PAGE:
by Samantha Weeks

Hamilton’s Professor of Economics Erol Balkan plays a large role in the refugee community of Utica and around the world. Through sharing his experience, Balkan aims to involve more and more Hamilton students in his project, Refugees on the Move, and raise general awareness of the current global refugee crisis.

Balkan’s interest in the refugee community began four years ago in Turkey: “I was working on a documentary on the Euphrates River close to the border of Turkey and Syria, and I witnessed the plight of thousands of refugees coming [into Turkey]. This got me thinking, and I started to get involved as researcher and social scientist.”

His experience in Turkey (he is currently working with two NGO’s who are working with refugee communities in Turkey)  motivated Balkan to increase his role in the refugee community around Hamilton. He developed a proposal with New York Six (a consortium of six colleges in Upstate New York) called “Refugees on the Move”, which attempts to “connect global refugee issues with local refugee lives.” The crisis is especially relevant for Hamilton students due to their proximity to Utica, a current hub for refugees. Refugees on the Move with the partnership of the Levitt Center has developed various research activities for Hamilton students  in order to increase their awareness and involvement. For example, the project is planning to screen the oscar nominated ‘Watani: My Homeland’ at Hamilton, a documentary about a refugee family’s journey from Syria to Germany, and bring the director, producer, and if possible even the family who made the journey to campus. This screening will serve as the beginning of many activities to come involving the local refugee community. He is also in the process of constructing a website called  to host news, articles, opinions, etc. about the global refugee crisis.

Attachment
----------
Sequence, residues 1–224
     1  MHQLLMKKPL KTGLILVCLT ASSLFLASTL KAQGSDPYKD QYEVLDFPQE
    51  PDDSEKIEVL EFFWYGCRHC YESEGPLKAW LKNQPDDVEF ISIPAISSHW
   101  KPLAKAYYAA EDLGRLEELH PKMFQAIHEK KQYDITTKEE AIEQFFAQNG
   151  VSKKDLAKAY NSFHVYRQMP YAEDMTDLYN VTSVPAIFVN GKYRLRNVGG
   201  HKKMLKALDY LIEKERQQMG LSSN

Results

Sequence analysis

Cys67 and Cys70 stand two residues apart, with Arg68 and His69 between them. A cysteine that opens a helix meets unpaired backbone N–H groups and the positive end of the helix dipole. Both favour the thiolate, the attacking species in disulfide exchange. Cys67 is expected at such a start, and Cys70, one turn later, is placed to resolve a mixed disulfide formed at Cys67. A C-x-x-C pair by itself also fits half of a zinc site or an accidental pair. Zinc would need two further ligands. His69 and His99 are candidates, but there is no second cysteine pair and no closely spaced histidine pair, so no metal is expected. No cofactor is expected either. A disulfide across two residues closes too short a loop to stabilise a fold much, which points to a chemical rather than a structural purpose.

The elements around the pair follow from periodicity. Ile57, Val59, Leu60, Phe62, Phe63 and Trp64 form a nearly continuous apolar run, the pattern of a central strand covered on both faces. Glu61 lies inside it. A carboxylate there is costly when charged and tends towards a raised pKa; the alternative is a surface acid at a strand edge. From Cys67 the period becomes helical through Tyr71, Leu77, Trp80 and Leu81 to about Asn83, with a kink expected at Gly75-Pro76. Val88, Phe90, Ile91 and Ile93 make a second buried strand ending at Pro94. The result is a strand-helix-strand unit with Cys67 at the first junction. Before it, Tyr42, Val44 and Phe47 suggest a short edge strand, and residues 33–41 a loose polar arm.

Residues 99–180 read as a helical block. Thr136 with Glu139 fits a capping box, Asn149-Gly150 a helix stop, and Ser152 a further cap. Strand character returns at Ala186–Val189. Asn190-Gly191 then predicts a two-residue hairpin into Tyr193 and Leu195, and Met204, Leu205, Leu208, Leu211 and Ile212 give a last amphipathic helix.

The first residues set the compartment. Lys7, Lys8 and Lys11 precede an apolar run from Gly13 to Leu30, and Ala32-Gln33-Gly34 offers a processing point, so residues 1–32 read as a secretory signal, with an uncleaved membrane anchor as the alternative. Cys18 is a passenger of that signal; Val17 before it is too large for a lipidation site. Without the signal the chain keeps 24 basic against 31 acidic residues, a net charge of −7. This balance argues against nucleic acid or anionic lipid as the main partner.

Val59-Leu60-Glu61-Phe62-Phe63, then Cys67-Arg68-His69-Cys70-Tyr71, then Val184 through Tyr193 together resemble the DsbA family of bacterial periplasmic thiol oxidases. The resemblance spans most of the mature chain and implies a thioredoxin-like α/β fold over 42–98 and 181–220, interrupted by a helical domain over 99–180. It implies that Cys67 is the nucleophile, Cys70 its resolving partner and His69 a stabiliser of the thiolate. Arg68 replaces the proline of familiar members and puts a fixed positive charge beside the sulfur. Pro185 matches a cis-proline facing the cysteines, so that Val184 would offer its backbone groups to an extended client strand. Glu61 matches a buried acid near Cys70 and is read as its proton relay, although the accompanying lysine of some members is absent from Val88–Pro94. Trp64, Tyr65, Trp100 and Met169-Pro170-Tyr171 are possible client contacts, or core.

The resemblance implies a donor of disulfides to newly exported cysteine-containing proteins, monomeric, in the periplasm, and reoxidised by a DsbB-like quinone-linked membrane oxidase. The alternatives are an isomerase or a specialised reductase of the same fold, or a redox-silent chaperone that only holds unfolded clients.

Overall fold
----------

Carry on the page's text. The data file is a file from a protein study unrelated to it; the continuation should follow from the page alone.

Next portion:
Balkan additionally wants to communicate the unconstitutionality of Trump’s recent refugee ban and its impact on communities who are receiving refugees. Utica, a city that was on the decline for the past 50 years, is currently undergoing economic development due to the work of the refugee community. In recent years, refugees have opened small businesses and employed community members, which creates more tax-payers. This ban is going to negatively affect communities like Utica, which have gained economic prosperity from the work of refugees. According to Balkan, “the founding of this country is all about refugees and immigrants, so this ban is completely unconstitutional.”

To find out more opportunities to get involved with refugee community in Utica and fight the current refugee ban, please contact Professor Balkan at